A Guide to Visiting Coastal Texas
Spring is in the air, and with it comes thoughts of the warm ocean breezes and sunny blue skies that make the beach an inviting destination. The coast of Texas has it all! Whether you’re in the mood for some much needed relaxation, deep sea fishing, or visiting some of Texas’ historic locations, you can find what you’re looking for somewhere along these 367 miles of seashore. Below is a guide to visiting coastal Texas.
From Port Arthur to South Padre, there’s no shortage of great campsites for both tents and RVs on the beaches, near the bays, or in historic towns further inland.
Rockport, located between Copano and Aransas Bays, has long been a haven for fishing enthusiasts, and offers several great RV campgrounds close to the water with fishing amenities. Visit Bahia Vista RV Park for a 300-foot fishing pier with a cleaning station, and nearby chartered fishing tours, either in the bays or on the Gulf. South Padre Island, a popular beach destination, also offers a ton of great RV campgrounds, including Isla Blanca RV Park, located right on the tip of the island, just a short walk to the beach.
Some of the best campgrounds on the Gulf beaches are Texas state parks. For instance, Mustang Island State Park in Port Aransas offers beachfront camping, so close to the sea you can hear the waves from your RV or tent. Galveston Island State Parks offers some of the same types of campgrounds, but nearer to a large population center for your convenience. This is why there is a guide to visiting coastal Texas.
Attractions Along the Coast
The beach is always fun to visit, but the coast of Texas offers much more that often goes unnoticed. Starting in Galveston, be sure to check out Moody Gardens—you shouldn’t have trouble finding it, as it’s comprised of three futuristic-looking pyramids right on Galveston Bay. Moody Gardens is perfect for group outings and families. Inside of these three pyramids is one of the largest aquariums in the region. Wander through a rainforest replica and view tons of exotic species, or watch a film on the largest 3D screen in Texas.
Just to the north on the outskirts of Houston, you can visit NASA’s Johnson Space Center, while further down the coast in Corpus Christi, you can walk aboard the USS Lexington, a historic World War II-era aircraft carrier that has since been converted into a museum.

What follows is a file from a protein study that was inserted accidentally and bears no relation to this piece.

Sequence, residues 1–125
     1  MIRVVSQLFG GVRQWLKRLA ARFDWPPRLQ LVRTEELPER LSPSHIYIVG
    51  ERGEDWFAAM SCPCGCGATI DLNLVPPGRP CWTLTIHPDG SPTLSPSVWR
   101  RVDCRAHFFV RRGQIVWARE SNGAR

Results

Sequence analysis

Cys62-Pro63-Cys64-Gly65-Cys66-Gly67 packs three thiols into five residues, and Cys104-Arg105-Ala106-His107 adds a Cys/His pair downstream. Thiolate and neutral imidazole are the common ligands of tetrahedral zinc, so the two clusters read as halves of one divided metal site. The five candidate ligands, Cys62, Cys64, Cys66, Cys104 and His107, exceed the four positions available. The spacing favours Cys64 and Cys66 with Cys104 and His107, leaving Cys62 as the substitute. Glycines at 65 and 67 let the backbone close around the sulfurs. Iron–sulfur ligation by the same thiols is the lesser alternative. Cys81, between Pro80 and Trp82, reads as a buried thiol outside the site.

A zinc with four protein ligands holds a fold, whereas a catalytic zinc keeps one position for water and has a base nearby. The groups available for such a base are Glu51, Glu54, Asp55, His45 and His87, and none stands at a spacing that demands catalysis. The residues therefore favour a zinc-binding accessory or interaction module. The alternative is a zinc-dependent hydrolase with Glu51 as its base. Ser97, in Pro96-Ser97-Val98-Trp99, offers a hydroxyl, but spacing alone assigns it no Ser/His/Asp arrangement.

Sure, you could stick to the interstates and major highways, but if you want to see a different side of the coast, try venturing down and exploring some of the back roads.
One great trip to try: start in Galveston and head for the Galveston-Bolivar Ferry, which will take you across the bay and let you gaze out at the gulf and the town as it gets further and further away. Once you get to Bolivar, take State Highway 87 up the peninsula, where you’ll see some breathtaking beachfront views uninterrupted by cityscapes or urbanization. State Highway 35, beginning in Rockport, offers some great scenery of the bay areas and takes you through the heart of one of Texas’ finest bird watching areas.
Check your maps and if you see a stretch of road along the beach or near a bay and fairly distant from a major town, chances are you won’t be disappointed by what you see. We hope you enjoyed a guide to visiting coastal Texas.
- Spring Break is right around the corner. If you want to experience a college spring break party atmosphere, head for South Padre. If you want to avoid this, try a place like Surfside Beach, about an hour and a half south of Houston.
- Don’t get distracted by your back road driving, at least not so distracted you forget to fill up on gas. It can be a long way to the next gas station in some areas.
- As always, don’t ruin your beach vacation by forgetting sunscreen. Nothing puts a damper on the fun like a nasty sunburn.
- Most importantly, have a good time. In a place like the Texas coast, it’s hard not to.
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